Some artists simply evolve into a more mature version of themselves,1 just look at how gracefully Taylor Swift has transformed from young country girl to ruler of the new world. Others struggle visibly more. For every Swift, there’s a Justin Bieber or Britney Spears cautionary tale. Ariana Grande is the latest star to grow up in front of many iPhone cameras and Instagram posts. Thusfar, she has handled everything like a pro,2 mainly by always answering questions with politically correct opinions.
Earlier this month, Grande posted an open letter to her Facebook page,3 in which she comments on double standards and the male gaze in popular culture. It’s an interesting read and while some critics where quick to dismiss the letter as hypocritical attention seeking,4 she was largely applauded for taking a stance. And while I personally have a hard time believing Grande, I am really looking forward for her to prove me wrong. Writing this letter was the first step, let’s see what she does with these feelings in her upcoming songs. Will she be a young, feminist Beyoncé? Will she become the heir to Mariah Carey’s throne, which she’s been appointed numerous times already, and make classical love songs?
I caught Ariana Grande’s last show of the European leg of The Honeymoon Tour. The venue, Palau Sant Jordi in Barcelona, turns out to be a little bit too big for the singer. The floor is only half-full and the upper ring is closed. When most of your fans can’t drive a car to your show, it’s probably a good idea to make it a seated event.5 When Paula Roja warms up the crowd, whose best known song seems to be a Spanish version of Anna Kendrick’s Cups (When I’m Gone), the teens show they don’t need a sold-out stadium to create a good vibe.
At 9PM, Ariana Grande takes the stage. She comes out with Bang Bang, complete with fireworks and Nicki Minaj on screen and I’m glad I brought my earplugs. The youthful enthusiasm of the crowd is almost overwhelming, but it seems to actually affect Ariana. In three-or-four-song blocks, she works through most of the songs in her catalog. Two albums deep, the singer already has enough hits and fan-favorite tracks to build a good show around. And that’s exactly what she does. Her husky voice is as soothing as it is on record and her dancers and band, including two violinists and a cellist, are world class. Within thirty minutes, Ariana Grande has already floated through the venue on a pink cloud, came down on a chandelier and made the inside of Palau Sant Jordi look like Washington DC on the fourth of July.
All this isn’t to say that the show is flawless. Between the songs, Grande never really connects with her audience and sticks to the usual thank-yous and I-love-yous. When Ariana sings, it’s beautiful, but she’s sometimes overpowered by the backing tape. There are no background singers, which is something you rarely see with shows this big. And the great collaboration with The Weeknd, Love Me Harder, turns out to be a mess because of it. Where most featuring artists get some time on screen, The Weeknd’s verse is skipped and the track loses its balance. When Grande tries to sing on top of the tape, it becomes the low point of the night. Fortunately, Ariana recovers with the Major Lazer assisted All My Love6 and Honeymoon Avenue, a song so sweet it makes your dentist rich.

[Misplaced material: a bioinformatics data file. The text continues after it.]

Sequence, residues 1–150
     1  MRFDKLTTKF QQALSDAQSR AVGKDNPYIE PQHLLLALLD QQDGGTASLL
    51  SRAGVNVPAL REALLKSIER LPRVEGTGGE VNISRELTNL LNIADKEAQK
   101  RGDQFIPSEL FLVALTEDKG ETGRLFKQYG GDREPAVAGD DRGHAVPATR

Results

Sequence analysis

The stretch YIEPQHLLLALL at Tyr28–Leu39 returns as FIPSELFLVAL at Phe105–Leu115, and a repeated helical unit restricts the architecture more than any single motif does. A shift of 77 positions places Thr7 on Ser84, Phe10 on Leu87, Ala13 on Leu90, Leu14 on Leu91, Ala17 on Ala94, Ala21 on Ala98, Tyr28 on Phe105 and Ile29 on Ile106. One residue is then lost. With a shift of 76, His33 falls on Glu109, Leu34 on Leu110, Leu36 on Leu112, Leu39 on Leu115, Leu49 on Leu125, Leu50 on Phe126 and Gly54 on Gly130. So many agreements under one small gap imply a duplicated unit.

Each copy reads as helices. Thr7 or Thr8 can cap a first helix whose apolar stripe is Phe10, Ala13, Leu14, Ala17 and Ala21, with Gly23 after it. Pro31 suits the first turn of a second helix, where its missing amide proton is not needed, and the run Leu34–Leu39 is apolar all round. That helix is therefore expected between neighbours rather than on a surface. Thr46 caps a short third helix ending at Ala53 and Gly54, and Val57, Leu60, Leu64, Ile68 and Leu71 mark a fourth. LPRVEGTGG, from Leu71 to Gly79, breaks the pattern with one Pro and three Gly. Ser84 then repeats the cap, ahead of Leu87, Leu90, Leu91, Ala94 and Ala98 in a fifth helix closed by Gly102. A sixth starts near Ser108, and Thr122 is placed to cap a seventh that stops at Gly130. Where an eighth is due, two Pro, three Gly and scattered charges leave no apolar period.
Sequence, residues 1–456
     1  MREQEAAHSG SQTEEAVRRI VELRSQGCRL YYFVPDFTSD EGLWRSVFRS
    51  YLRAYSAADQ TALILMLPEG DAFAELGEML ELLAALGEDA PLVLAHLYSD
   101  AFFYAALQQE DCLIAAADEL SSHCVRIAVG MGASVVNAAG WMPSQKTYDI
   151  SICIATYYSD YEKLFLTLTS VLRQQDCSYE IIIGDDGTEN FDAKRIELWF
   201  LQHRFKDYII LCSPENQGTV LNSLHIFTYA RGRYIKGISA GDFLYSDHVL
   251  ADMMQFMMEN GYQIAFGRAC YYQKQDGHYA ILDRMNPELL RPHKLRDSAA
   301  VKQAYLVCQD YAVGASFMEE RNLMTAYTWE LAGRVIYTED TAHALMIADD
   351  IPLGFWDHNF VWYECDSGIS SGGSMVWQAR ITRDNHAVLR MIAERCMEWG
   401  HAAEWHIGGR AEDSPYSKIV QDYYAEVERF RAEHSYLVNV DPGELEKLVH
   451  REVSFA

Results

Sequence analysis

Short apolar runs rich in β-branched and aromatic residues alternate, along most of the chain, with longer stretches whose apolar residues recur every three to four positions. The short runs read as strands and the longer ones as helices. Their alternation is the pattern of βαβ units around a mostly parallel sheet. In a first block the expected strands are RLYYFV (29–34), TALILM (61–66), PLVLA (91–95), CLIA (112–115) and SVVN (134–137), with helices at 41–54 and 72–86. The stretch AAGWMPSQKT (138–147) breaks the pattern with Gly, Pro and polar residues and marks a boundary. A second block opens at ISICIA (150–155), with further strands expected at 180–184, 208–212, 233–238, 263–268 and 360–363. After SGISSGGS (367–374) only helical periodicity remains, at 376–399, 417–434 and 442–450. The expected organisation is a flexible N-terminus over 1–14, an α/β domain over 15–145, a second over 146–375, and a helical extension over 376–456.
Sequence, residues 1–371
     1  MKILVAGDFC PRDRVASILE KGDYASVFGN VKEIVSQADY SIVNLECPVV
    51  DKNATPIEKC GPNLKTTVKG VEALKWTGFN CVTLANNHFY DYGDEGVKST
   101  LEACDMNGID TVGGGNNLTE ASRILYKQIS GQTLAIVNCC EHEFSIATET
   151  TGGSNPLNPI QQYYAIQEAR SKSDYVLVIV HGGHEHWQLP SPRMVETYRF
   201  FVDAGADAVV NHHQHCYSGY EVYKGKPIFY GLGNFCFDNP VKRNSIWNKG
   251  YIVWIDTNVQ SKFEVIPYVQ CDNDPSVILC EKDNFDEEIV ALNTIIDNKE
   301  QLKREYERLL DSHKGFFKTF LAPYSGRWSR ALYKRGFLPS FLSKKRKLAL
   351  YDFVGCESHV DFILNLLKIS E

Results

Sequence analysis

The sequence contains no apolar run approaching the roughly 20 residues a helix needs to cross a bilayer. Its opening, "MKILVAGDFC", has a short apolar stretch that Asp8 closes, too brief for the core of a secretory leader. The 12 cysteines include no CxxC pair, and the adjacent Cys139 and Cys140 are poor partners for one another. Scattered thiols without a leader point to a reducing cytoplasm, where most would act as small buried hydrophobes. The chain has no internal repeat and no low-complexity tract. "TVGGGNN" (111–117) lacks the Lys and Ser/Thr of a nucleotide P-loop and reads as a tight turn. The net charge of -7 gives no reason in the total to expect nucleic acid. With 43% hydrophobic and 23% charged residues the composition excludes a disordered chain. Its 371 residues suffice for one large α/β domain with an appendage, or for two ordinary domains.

After Break Free, a song created with a stadium in mind, Ariana Grande returns to the stage for the inevitable Problem. It’s the end of a show that’s defined by Grande’s professionalism. The Honeymoon Tour is well-balanced, the voice of the little star is more than convincing and every fan in the building, including their parents, will have a great memory of their first concert. But more than anything, this show is making me even more curious where Ariana will go next. Right now, she’s an excellent pop star and a perfect role model for her young fans, but her recently discovered feminism has yet to be seen in her music and her live shows. I’ll be watching.
- Whatever that means. ↩
- There are some reports on her diva behavior, but those are mostly rumors and can be found on every single artist. ↩
- And Twitter. And Instagram. ↩
- There is definitely something to say for this point of view. The suggestive lyrics found on Ariana’s latest album and her sexy videos can be seen as an argument against feminism, but I won’t go into that now. ↩
- Even Taylor Swift’s 1989 supporting tour is almost completely seated, and her fans are a little older than Ariana’s. ↩
- From the Lorde-curated soundtrack of the latest Hunger Games movie. ↩